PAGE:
On the fast, low-budget recording of Rise To Your Knees and the initial response to it:
“This record cost almost nothing to make. It’s weird how much bang we got for the buck. A lot of people think that’s really cool, but other people say ‘Oh, you’re just touting how lazy you are’ but you know, I don’t live in the witch hunt of American Idol and that shitty toilet of a fucking culture. I live in a culture that I helped make and that supports me and my wacky ideas about art in this post-Jimi Hendrix, post-Van Gogh, post-Peter Max and Christo world where you can really do whatever you want, but instead it’s like ‘Get in line!’ to this bizarre milquetoast version of R&B. But that’s the way we’ve always done it (both in recording method and artistic approach), and I have a lot of records that I have done this way that are still in print.”
On dealing with the expectations of people who think the band’s best work was the ’80s SST records:
“Part of doing this record and all of this solo stuff is that there is all of this love that comes in, and that has supported me. It’s not really mainstream, but in the past the mainstream has touched it enough that we have always had a job, and I’m thankful for that. But I have also know that I’m patient and people will come around to seeing that I won’t be held to their lore, and part of doing this record (Rise To Your Knees) is saying ‘Screw you, it’s mine, and I get to do what I want with it.’ “
Rise To Your Knees
Curt Kirkwood is adamant that Rise To Your Knees is part of a continuous line of music that didn’t simply end when the Meat Puppets original lineup disintegrated during the ’90s. That line includes his work with the short-lived bands Eyes Adrift and Volcano, as well as his solo record, Snow and the 2000 Meat Puppets’ record (with the Austin-based quartet lineup). But with Cris Kirkwood back in the band after a decade-plus away (you can research his personal drug hell and recovery on your own), Rise To Your Knees has been received as a comeback record.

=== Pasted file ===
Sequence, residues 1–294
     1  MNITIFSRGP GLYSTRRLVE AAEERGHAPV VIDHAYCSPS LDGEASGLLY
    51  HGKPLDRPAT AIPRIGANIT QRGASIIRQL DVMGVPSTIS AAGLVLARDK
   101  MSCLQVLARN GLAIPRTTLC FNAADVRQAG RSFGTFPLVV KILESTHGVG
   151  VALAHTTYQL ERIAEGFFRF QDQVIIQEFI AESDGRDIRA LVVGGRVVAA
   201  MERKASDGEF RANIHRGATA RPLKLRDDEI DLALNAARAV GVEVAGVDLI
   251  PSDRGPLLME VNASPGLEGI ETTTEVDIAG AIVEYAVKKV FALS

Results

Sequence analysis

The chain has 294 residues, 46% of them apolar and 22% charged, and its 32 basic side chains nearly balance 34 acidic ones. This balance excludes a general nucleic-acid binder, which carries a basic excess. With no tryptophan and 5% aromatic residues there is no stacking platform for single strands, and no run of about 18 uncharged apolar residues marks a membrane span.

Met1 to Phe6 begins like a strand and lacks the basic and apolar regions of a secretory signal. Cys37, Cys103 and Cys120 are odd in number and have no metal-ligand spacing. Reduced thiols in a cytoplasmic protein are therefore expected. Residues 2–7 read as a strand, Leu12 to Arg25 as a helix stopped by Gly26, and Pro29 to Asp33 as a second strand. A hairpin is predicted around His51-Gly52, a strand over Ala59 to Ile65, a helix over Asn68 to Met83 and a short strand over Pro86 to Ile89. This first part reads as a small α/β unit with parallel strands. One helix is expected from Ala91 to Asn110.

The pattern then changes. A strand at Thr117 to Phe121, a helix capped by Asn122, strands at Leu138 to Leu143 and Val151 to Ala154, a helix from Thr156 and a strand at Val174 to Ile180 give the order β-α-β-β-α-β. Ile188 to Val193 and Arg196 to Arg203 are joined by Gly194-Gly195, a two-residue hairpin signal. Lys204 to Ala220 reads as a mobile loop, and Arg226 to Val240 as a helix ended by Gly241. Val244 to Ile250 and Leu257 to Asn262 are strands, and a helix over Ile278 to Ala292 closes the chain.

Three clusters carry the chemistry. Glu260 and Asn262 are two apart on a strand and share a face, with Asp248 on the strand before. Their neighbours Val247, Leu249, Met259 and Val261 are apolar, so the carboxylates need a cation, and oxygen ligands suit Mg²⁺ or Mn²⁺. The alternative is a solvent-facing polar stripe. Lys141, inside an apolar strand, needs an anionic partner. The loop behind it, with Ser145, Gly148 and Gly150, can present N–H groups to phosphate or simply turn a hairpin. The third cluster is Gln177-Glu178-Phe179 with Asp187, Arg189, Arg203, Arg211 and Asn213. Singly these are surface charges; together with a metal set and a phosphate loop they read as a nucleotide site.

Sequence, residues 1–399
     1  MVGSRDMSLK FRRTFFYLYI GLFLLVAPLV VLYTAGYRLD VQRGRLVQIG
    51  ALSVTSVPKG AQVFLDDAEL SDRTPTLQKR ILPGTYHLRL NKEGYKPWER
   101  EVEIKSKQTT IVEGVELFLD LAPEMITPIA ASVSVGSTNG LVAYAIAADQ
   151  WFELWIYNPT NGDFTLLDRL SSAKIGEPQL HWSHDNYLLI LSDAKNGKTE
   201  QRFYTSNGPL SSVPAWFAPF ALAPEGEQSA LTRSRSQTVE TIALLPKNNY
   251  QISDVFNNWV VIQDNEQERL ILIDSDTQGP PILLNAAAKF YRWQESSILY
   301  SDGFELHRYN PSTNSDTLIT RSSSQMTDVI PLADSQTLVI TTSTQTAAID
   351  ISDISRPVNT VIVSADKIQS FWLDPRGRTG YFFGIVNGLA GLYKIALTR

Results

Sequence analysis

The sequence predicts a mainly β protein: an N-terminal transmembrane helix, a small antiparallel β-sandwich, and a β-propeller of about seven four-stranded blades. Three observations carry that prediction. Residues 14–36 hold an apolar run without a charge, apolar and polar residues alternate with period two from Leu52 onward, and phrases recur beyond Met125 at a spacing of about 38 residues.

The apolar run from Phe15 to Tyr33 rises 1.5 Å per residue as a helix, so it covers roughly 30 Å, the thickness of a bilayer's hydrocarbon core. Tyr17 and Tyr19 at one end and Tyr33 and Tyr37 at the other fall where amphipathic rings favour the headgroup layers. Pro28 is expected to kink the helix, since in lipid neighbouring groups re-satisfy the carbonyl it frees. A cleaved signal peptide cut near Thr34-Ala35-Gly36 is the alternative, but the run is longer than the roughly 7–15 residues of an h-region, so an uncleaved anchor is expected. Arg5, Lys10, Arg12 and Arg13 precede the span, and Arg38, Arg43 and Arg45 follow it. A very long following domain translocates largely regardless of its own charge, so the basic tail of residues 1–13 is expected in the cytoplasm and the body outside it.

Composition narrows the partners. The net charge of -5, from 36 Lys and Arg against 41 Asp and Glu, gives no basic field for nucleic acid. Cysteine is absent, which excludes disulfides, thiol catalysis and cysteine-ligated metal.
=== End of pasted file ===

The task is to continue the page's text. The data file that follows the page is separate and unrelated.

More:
Each perspective is valid when discussing the record. It could be seen as another Curt Kirkwood solo endeavor. Since not only did he write the songs and play most of the instruments, but the material also reflects his recent solo acoustic delvings more than the major label records from the early ’90s. But what Rise To Your Knees does resemble in mood is the first side of Up On the Sun. It is loose, mellow and seemingly light-hearted until you take a closer look at the lyrics, which appear at times to speak directly to Cris Kirkwood’s long drug addiction. So it’s the same hazy mood but the seeming serenity sits on top of some pointed lyrics. The heavier rock leanings that the band was once known for are essentially stripped away with the noisier parts mostly of the trippy psychedelic variety.
The middle of the record is especially strong with the fourth song, “Tiny Kingdom,” built on a cool waterfalling riff played on a banjo and an instantly catchy chorus, ranks as one of the best songs they’re done. The buoyant “Enemy Love Song” follows with the loose-limbed and quicker paced “Spit” close behind. “Island,” “Vultures” and “Stone Eyes” remind listeners why the Meat Puppets get the forefathers of alt-country tag and wouldn’t sound out of place on Meat Puppets II.
Curt Kirkwood has made mention of how quickly and cheaply he put Rise To Your Knees together, and it is hard to tell if that is meant as a premeditated excuse or an indication that great music is great music regardless of how expensive the recording costs. Whatever his motivations, the songs on Rise To Your Knees effectively capture the special essence that made the Meat Puppets so beloved and earned their stellar reputation among the more influential American bands of the ’80s. It also shows that Curt Kirkwood is in full control of his musical faculties and is hopefully ready to take the newly recharged Meat Puppets into an exciting future.